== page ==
In most tenancies, when you sign your agreement you will be required to pay bond and rent in advance.
Under the standard tenancy terms the maximum of rent in advance that can be required is one month. The maximum bond is the equivalent of 4 weeks rent (for more information about bond see our Bond factsheet
This can work in two ways:
- your tenancy begins on 2 March and you pay 4 weeks rent on that day. Your agreement says rent is to be paid fortnightly.
Having paid 2 fortnights in advance, you might not expect to pay rent again until 30 March; however your agreement may say that the next payment is due on 16 March to keep your rent account always a clear fortnight in advance. This is possible as long as you are not required to pay more than 2 weeks rent each payment (ie you are never more than 1 month in advance)
- Your tenancy begins on 2 March and you pay a month’s rent on that day (if you have made your payment prior to this rent applies from when the tenancy starts). Your agreement says rent is to be paid monthly.
Having paid a month in advance you cannot be asked to pay another month’s rent until 2 April because to do otherwise would be putting you more than 1 month in advance.
It is important to take rent in advance into account when you give notice to end your tenancy or you may find you have paid too much and you will then have to organise repayment.
For information on how rent payments are calculated see our FAQ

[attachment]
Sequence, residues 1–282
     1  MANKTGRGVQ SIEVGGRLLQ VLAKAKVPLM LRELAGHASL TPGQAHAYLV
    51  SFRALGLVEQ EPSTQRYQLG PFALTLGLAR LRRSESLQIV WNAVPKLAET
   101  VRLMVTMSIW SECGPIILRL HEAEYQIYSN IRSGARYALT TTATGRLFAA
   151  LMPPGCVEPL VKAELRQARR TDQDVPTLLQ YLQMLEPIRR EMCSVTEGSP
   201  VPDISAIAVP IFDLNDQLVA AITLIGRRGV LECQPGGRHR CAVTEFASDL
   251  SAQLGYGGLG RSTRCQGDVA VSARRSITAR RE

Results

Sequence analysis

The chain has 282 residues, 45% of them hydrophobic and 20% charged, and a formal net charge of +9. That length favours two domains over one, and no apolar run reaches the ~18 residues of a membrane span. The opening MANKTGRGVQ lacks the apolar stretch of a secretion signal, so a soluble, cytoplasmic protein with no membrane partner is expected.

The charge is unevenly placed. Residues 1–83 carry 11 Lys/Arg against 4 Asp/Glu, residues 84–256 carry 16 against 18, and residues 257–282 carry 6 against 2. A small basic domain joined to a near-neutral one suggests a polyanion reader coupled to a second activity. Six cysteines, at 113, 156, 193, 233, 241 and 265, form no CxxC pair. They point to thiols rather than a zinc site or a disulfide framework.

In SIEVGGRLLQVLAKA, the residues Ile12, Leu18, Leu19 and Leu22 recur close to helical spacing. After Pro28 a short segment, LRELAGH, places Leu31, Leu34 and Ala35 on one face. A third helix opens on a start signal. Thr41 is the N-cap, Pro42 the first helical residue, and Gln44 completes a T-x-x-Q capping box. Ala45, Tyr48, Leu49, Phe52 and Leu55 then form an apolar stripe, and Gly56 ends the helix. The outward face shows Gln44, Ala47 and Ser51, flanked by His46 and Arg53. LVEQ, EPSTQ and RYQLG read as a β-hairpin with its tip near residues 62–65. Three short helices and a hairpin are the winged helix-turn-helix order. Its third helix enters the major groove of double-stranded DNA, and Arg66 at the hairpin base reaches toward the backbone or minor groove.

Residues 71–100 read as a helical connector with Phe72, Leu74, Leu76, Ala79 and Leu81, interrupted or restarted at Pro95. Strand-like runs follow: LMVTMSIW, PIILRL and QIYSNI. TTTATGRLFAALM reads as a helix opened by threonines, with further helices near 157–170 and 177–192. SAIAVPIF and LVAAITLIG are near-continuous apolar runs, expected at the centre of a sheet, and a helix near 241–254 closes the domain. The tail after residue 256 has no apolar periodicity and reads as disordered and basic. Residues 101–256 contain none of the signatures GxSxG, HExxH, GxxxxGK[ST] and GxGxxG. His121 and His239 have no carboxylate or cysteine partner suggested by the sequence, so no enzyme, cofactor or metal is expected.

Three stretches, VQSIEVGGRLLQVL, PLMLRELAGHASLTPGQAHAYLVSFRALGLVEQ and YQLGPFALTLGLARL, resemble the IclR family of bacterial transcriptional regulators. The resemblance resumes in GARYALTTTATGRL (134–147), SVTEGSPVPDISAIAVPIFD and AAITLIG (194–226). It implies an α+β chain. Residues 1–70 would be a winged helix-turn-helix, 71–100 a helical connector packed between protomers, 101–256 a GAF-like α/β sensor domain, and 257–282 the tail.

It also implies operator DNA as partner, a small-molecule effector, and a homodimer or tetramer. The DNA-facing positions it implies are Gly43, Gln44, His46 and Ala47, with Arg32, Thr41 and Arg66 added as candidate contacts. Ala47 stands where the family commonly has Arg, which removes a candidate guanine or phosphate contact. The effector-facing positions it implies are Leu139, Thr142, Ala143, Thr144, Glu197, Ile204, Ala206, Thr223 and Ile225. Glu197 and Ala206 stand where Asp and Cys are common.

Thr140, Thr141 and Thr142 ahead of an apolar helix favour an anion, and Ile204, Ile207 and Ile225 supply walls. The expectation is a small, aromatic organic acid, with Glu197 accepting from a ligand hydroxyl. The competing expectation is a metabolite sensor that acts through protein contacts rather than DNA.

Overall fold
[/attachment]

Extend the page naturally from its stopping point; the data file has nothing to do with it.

For information about rent arrears see our Factsheet
Call the Tenants’ Advice Service if you need advice
IMPORTANT NOTE:Tenants’ Union ACT publishes this website as a free service to the public.
This website provides information about the law designed to help users understand their legal rights and obligations. However legal information is not the same as legal advice (the application of law to an individual's specific circumstances). Although we make all efforts to ensure our information is accurate and useful, we recommend you consult the Tenants Advice Service for advice specific to your circumstances. You are also free to consult an independent solicitor for a second opinion.
Please note that this website is NOT intended to be used as a substitute for specific legal advice or opinions and the transmission of this information is NOT intended to create a solicitor-client relationship between the Tenants’ Union ACT and members of the public.
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